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Watch Out For the Real Inflation Rate of Seven Percent

By Perry Rod, Published: September 17th, 2014 8:02 PM CDT

Today, the United States Federal Reserve decided to continue its strategy of aggressive money printing, now in its sixth year after the market meltdown. The government today notes that inflation is low and under control. But here's the fundamental economic reality:

The value of cash has been going down by an average of about seven percent per year. Compounded over time, seven percent is a very large number.

Here's the analysis:

In 55 years, the total money supply rose roughly 39X; Gold rose roughly 37X; S&P rose roughly 36X; Oil rose roughly 33X

In 20 years, the total money supply rose roughly 3.5X; Gold rose roughly 3.5X; S&P rose roughly 4.5X; Oil rose roughly 6X

These numbers are relatively close and average out to around a seven percent compound annual increase in the price of gold, which mimics the growing overall money supply. But the S&P number does not account for dividend yields of around 2-3% in those time periods, meaning that the market has outperformed gold and taken a higher portion of the increasing money supply. That of course suggests the rich are getting richer, but you already knew that. Perhaps these outperforming companies are creating efficiencies over time that have lessened the costs of many basic goods and services for the middle class, creating a lower (and somewhat misleading) compound annual inflation number of about 3-4%. But the bottom line is not 3-4%, it's a 7% increase in the money supply (and gold).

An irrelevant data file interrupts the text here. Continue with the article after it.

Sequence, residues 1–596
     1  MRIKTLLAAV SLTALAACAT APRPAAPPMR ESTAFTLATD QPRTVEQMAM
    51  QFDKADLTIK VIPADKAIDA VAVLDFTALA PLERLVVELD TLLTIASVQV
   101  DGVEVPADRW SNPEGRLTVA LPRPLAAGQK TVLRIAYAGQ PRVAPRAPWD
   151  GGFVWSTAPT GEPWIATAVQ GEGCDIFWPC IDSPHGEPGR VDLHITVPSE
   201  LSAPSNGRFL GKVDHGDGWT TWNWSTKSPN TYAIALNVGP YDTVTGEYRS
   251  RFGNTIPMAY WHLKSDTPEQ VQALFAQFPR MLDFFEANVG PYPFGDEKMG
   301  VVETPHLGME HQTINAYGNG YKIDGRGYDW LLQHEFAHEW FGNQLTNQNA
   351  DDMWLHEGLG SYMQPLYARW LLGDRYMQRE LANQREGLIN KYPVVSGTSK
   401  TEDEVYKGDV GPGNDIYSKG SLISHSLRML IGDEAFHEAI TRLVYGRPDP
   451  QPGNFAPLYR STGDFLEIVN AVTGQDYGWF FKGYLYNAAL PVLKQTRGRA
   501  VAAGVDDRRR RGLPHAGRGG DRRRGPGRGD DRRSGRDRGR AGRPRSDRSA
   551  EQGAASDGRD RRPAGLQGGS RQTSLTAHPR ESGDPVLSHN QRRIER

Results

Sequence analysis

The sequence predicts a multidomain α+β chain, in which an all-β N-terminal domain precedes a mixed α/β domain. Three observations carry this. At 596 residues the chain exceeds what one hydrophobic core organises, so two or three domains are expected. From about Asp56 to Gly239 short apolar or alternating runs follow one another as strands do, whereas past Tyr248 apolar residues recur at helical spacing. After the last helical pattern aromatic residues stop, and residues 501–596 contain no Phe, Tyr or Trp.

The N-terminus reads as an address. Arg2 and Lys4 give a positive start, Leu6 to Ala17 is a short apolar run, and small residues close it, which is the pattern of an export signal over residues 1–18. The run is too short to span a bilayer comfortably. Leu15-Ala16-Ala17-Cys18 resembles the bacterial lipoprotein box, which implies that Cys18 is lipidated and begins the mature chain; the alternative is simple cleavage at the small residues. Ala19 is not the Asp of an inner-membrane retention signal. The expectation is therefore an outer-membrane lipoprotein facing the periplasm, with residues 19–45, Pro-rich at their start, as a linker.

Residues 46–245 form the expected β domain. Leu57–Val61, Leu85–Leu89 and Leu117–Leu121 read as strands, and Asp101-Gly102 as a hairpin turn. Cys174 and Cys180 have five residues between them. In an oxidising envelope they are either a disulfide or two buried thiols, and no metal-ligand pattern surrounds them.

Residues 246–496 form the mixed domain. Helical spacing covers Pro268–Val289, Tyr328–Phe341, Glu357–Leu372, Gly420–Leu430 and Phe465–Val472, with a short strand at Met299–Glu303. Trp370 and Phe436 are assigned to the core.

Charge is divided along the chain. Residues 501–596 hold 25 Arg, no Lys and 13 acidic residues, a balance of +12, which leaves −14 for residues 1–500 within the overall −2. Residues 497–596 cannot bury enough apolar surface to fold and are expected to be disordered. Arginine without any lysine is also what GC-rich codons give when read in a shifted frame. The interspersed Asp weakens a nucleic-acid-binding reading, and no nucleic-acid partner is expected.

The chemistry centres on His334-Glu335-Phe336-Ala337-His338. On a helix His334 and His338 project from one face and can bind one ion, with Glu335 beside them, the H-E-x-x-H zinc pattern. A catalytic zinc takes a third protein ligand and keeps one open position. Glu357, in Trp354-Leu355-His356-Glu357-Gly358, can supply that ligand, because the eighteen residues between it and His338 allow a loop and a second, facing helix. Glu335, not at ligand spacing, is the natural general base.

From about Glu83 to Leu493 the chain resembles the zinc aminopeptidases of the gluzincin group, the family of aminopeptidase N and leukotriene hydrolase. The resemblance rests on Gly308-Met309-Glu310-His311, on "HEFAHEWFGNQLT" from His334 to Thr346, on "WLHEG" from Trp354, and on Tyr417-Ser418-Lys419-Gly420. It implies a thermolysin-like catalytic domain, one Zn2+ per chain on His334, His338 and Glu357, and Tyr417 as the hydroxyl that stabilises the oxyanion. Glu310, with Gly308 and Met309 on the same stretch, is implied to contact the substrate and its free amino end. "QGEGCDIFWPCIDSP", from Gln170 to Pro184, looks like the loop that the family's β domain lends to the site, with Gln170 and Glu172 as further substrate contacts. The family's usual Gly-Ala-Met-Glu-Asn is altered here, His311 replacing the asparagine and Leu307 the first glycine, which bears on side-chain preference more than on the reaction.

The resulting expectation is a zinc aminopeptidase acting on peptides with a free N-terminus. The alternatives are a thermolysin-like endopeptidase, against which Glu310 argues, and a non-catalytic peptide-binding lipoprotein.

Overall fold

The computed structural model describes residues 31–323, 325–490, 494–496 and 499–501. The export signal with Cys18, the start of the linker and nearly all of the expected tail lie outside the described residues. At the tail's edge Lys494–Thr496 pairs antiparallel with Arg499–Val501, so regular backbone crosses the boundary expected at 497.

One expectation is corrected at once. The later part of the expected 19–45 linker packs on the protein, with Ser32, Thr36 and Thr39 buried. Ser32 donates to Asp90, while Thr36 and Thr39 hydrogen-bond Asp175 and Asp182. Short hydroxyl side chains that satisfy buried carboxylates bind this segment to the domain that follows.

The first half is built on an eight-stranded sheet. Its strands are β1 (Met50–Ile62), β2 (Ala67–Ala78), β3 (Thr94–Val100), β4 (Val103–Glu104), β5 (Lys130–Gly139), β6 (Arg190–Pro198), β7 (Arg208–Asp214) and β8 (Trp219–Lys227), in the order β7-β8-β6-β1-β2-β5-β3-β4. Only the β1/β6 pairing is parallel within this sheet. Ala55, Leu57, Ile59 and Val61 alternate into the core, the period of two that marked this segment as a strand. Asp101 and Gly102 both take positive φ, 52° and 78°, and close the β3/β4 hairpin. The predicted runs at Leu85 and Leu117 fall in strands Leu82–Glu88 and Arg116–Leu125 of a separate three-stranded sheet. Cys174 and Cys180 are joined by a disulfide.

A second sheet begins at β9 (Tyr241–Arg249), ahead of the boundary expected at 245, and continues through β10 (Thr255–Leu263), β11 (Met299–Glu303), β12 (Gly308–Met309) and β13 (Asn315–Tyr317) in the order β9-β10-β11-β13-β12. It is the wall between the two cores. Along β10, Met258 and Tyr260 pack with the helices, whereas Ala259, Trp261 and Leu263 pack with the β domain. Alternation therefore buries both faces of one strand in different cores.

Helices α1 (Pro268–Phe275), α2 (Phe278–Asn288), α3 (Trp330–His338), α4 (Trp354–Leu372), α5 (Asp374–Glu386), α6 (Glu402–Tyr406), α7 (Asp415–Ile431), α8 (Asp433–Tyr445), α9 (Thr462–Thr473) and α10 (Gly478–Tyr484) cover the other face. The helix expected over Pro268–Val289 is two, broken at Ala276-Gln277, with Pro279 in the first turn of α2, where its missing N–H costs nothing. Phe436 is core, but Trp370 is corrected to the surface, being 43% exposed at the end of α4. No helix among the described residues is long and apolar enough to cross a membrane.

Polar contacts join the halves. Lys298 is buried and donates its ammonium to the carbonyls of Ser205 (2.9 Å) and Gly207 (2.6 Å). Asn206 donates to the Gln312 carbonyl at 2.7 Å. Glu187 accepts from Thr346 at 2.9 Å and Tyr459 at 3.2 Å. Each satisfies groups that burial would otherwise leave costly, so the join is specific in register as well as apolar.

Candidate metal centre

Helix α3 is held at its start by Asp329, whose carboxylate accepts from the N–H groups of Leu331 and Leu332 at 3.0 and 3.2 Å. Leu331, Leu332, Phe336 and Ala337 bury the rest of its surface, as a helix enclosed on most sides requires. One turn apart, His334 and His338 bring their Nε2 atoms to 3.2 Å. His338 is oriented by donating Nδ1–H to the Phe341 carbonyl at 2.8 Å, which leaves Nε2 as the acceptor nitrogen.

So here's the deal: if your cash doesn't rise seven percent a year on average, you are actually losing value relative to the overall economy. That's the way it works, and it's pretty frightening to consider how few people are anywhere near that rate of return on their annual investments. It means that more cash is being concentrated in fewer hands, until (or unless) the government is forced to step in and reign in on the titans of wealth. No matter your politics on these matters, the lesson is that cash is meant to be used, not stored away. And it is meant to compound at a seven percent annual rate if you intend to just keep up with the rapidly increasing money supply.

Related: BAC

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